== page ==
How Exercise Can Reduce Your Hunger

When you work out, you might feel hungrier. However, a specific type of exercise can help suppress your appetite and manage cravings...

Welcome to the positive corner of the internet. No one likes to feel tricked, especially about their health. That’s why every weekday, we make sense of the confusing world of wellness with quick tips designed to make you healthier in less than 5 minutes. If you were forwarded this message, you can get the free daily email here.

Today’s Health Upgrade

  • Stat of the week

  • How to reduce your hunger

  • Time to double the Viagra?

  • Weekend challenge

Arnold’s Podcast

Want more stories from Arnold? Every day, Arnold’s Pump Club Podcast opens with a story, perspective, and wisdom from Arnold that you won’t find in the newsletter. And, you’ll hear a recap of the day’s items. You can subscribe on Apple, Spotify, Google, or wherever you listen to podcasts.

Stat of The Week: 5-6-7

If you’re still not getting enough sleep, consider this your end-of-the-week motivation to make it a better habit.

Five: Research suggests that people who get less than 5 hours of sleep on average are twice as likely to get dementia.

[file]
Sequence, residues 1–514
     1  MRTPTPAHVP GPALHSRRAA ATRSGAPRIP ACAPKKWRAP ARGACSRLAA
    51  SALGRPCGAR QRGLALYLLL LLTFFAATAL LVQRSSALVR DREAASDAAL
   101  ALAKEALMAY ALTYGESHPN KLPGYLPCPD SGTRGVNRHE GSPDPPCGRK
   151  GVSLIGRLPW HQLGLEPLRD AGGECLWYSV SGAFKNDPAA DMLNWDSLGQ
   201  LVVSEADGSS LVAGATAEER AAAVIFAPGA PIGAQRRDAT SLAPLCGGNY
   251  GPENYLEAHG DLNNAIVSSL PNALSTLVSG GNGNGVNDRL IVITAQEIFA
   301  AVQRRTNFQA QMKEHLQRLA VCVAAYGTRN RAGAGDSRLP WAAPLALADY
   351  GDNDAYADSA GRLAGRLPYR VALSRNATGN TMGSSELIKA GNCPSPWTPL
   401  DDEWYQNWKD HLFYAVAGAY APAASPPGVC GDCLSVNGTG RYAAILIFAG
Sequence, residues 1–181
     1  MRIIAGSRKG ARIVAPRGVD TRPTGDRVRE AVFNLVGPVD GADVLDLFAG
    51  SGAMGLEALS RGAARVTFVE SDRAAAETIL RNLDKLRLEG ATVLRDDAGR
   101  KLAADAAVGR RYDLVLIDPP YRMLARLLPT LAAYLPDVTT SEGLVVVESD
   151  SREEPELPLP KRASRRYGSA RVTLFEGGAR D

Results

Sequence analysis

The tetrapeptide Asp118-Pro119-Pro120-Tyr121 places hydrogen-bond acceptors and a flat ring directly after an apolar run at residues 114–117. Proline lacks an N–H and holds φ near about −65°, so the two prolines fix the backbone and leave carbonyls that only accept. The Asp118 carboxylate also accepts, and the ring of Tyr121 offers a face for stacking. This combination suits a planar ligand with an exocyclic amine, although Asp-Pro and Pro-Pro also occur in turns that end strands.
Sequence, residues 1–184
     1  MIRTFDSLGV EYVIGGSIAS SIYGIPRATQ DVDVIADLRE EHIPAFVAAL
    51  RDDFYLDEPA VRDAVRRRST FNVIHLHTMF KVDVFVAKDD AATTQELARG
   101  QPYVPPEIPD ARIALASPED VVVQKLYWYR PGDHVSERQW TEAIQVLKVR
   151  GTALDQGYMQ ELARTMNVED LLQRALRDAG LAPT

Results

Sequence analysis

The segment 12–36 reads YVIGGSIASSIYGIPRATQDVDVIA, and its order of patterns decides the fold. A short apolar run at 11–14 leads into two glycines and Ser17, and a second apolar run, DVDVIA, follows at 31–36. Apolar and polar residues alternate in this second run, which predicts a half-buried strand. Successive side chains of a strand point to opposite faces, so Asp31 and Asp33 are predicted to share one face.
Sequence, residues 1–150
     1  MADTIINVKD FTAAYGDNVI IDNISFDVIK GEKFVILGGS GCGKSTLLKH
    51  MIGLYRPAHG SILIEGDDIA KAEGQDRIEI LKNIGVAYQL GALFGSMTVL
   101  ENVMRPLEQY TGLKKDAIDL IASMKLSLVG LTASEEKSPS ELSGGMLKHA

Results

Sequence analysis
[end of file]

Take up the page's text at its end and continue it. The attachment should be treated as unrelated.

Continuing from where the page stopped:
Six: Research has also found that people who sleep fewer than 6 hours per night are 15 percent more likely to be overweight. 

Seven: People who sleep at least 7 hours per night can live up to 5 years longer than those who don’t get enough shuteye.

If you’re looking for more ways to improve your sleep, we’ve shared many tips in these emails, but the “Ted Lasso Sleep Trick” has been one of our more popular techniques.

If you choose to use a supplement, we don’t recommend melatonin. Instead, focus on ingredients that help you wind down, relax, and help you fall asleep — and stay asleep — longer. Our favorite product is the Sleep Pack. But remember, the foundation of better sleep is still going to bed and waking up at consistent times, moving during the day, winding down at night, cutting off food and electronics a few hours before you sleep, and doing activities that help calm your brain. 

How To Reduce Your Hunger 

You might not be able to out-exercise a bad diet, but you could use exercise to help you eat fewer calories. 

Research suggests a moderate or high-intensity workout can be a powerful appetite suppressant. 

Scientists examined how exercise affects hunger compared to those who are sedentary. They found that hunger was reduced significantly within 30 minutes after a hard workout. 

And the more intense your exercise, the longer you might feel satisfied. Higher-intensity exercise appears to reduce hunger for at least two hours, and other studies suggest that the hunger reduction can last even longer. One reason is that exercise helps trigger the same hormone (GLP-1) targeted by the latest generation of weight loss medications (think Ozempic and Wegovy), but not in such a concentrated dose (it’s why exercise is great, but it doesn’t as dramatic of an effect as the medications).